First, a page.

Scientists have analysed a long forgotten trio of bottled beers from the World War I era and unveiled early brewing practices, as well as what 100-year-old lager beers may taste like.
Scientists have analysed a long forgotten trio of bottled beers from the World War I era and unveiled early brewing practices, as well as what 100-year-old lager beers may taste like. Uncovered in 2015 during the reconstruction of an old brewery in Czech Republic, the three lager beers apparently were produced during the World War I era and stored in a large cold cellar at the brewery where they remained to gather dust. The beers were bottled in dark glass and well sealed. Taking advantage of this unique discovery, researchers from Research Institute of Brewing and Malting in Czech Republic sought to produce detailed chemical profiles of these 100-year-old beers and determine the long-term effects of lager beer ageing.
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Initial sensory analyses found that the beers ranged from intensely sulfuric to sour, and had off-flavours that ranged from fecal to fruity. Using high performance liquid chromatography and other techniques, the researchers compared the beers’ features to those of modern day brews. For example, the century-old beers had higher alcohol content and were less bitter. They also contained more iron, copper, manganese and zinc.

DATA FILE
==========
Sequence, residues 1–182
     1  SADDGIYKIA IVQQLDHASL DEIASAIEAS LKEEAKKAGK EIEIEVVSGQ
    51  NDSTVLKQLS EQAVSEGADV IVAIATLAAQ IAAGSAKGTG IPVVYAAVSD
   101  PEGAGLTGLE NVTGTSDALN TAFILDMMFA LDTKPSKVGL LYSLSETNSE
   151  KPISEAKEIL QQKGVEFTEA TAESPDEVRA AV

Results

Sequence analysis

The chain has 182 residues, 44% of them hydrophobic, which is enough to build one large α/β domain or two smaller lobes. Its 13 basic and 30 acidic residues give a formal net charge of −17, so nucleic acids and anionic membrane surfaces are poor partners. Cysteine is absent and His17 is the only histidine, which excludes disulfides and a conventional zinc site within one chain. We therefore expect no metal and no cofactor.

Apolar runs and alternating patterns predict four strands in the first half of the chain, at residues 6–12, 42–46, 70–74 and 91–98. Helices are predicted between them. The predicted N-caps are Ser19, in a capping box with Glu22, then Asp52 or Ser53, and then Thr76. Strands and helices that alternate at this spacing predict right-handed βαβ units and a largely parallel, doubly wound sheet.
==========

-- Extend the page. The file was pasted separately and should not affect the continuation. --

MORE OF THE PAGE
There was also evidence of the particular yeasts used to make each of the beers, along with bacterial and fungal contaminants. The researchers conclude that chemical changes to two of the beers were likely caused by microbial contaminants while the third beer, which was better preserved, offered the best insights into the older brews’ natural ageing processes. The research appears in the Journal of Agricultural and Food Chemistry.